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Ufomammut – Oro: Opus Primum

Neurot/Supernatural

I was wondering, as I took my copy of Topographic Oceans off the turntable, why the dark overlords at Freq Towers felt that I should review the new Ufomammut concept album that will be released in two instalments this year. I scratched my chin a slid the CD from its case and pondered to myself about this. Hmmmmm………

Oro seems to be based around some sort alchemical magickal process that transmutes base elements, such as human fears, into gold. So this is less of a story concept such as The Lamb Lies Down on Broadway, but more like the above-mentioned Topographic Oceans, a concept about ideology. First track “Empireum” is a slow-building predominately synth piece whose feels hit similar territory as some of Burzum’s mid period keyboard epics with its continuous four note stanza. The track slowly builds into a full on space rocker as the drums collide with the droning guitars and the keyboards wobble to the cosmic void and feeling of the eerie under darkened skies pervades. “Aureum” smashes in with a big doom guitars and Acid Mothers-style keyboard twirls. Its slight psychedelic tone reminds me of bands like Spancer and Mammatus for its epic style riffage and nod towards ’70s festival rock but mainly as if Arthur Brown were playing in hell every night with a Hammond organ serenading Aleister Crowley. The vocals are buried at the back of the colliding riff and drums to make them sound like a howl from the underworld.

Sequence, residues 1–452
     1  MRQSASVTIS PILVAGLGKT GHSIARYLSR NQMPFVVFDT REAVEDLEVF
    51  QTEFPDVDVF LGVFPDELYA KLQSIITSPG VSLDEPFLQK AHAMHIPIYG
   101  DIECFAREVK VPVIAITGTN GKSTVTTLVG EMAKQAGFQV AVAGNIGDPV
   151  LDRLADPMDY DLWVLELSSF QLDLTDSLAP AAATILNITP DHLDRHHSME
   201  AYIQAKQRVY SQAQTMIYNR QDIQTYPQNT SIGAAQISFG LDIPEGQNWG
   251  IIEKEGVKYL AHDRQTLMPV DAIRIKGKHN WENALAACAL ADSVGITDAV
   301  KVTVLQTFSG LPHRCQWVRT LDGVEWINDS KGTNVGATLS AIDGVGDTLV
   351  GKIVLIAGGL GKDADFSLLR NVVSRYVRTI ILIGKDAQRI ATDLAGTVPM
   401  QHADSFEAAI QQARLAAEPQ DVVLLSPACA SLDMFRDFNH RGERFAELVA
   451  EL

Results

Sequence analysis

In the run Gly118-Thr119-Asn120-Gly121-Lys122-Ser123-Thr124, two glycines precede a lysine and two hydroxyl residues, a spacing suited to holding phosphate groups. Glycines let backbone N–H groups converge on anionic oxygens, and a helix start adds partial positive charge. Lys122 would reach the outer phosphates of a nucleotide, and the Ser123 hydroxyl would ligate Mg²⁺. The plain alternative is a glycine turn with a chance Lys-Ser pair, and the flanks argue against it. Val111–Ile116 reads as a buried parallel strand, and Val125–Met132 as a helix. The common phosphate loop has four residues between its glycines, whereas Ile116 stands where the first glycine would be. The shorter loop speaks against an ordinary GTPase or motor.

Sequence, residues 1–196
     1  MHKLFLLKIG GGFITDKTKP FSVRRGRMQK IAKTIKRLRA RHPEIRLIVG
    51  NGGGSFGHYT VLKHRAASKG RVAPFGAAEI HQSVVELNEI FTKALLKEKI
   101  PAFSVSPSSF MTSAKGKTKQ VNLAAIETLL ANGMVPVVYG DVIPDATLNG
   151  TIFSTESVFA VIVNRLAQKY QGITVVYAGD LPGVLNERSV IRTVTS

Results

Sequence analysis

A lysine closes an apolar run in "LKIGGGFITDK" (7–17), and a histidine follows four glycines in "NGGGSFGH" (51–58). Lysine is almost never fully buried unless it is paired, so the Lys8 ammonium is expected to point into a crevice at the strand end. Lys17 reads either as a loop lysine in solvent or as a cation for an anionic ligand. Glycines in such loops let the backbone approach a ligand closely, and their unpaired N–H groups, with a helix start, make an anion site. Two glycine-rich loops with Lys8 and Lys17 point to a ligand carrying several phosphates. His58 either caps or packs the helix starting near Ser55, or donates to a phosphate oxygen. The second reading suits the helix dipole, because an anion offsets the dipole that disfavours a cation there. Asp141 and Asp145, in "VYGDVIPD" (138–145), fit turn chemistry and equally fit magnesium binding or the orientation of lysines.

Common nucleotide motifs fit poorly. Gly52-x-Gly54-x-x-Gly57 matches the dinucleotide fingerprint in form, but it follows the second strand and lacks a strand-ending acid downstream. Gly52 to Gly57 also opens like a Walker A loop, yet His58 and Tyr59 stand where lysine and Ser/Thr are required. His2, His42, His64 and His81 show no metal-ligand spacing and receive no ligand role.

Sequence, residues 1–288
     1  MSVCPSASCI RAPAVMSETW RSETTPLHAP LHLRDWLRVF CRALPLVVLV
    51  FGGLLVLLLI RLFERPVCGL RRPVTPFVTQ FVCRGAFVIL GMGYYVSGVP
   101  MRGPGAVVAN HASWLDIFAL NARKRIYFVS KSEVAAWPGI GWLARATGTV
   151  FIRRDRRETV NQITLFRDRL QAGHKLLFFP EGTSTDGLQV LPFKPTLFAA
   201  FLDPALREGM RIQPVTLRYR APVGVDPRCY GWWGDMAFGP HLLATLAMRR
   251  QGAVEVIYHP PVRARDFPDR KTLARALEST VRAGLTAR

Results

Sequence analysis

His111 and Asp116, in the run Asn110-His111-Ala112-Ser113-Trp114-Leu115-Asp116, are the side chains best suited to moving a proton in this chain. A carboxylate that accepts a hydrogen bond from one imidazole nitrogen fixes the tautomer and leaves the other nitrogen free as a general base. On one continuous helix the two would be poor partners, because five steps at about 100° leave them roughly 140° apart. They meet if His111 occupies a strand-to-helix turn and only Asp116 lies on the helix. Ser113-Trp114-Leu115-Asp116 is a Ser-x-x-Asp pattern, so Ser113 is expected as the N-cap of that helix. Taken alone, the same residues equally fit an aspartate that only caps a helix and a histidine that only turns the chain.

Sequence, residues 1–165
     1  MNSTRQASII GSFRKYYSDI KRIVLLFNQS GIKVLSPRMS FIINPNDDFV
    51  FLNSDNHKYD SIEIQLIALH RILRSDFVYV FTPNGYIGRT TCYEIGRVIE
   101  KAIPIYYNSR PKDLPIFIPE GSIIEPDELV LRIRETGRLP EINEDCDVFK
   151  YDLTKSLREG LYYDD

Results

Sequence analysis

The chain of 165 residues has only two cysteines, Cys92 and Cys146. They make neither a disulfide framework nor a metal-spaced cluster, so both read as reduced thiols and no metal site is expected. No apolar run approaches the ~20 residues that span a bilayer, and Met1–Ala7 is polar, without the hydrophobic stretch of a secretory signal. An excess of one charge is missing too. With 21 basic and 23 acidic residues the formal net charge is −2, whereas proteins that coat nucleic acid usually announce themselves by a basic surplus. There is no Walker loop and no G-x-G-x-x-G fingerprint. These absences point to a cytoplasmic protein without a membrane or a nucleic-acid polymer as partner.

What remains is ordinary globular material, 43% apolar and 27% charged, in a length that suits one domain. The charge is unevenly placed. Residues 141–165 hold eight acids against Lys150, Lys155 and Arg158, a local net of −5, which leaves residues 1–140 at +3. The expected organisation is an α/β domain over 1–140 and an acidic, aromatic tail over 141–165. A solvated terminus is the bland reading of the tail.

“Infearnatural” starts with big downtempo power chords while the vocals hiss snake like from a Garden of Eden of dread and despair. The big riff repeats itself over and is joined by space rock noodling keyboards to add a spacial dimension and reminds of Dave Greenfield‘s keyboard technique. The lyrics become spoken as if in an incantation; these are still buried beneath a barrage of guitars until the last few seconds of the track. “Magickon” begins with the same keyboard theme that starts the album and settles the feeling back into a more languid space as strange vocal atmospherics play out underneath it. Big bass notes slide in and suddenly we feel we are in evil King Crimson territory, one that’s broken into the studio and assaulted Meddle-era Pink Floyd.

The final track “Mindomine” starts with rolling drums and a four note bass riff as unnerving vocals chant hymn-like in the distance. These are, however, chants that could have been said by Sir Francis Dashwood in the Hellfire caves. Then the mighty doom riff hits in and you can already feel your head swaying from the black magick ooze. The track ends with a synth note and slight feedback held suspended in space.

Seeing as this is part one of grand masterwork it’s very hard to give an over all review for it; similar to reading half of a novel, I know there’s more to follow. This second half could make any overview I present here redundant as it could change the entire flavour of the concept as a whole not only in mood but also as a flowing tone poem. At this moment I would say it’s worth a purchase but will keep you wondering with bated breath for the next instalment. Now I just have to wait and see if the dark overlords feel I’m worthy to complete my initiation.

-Gary Parsons

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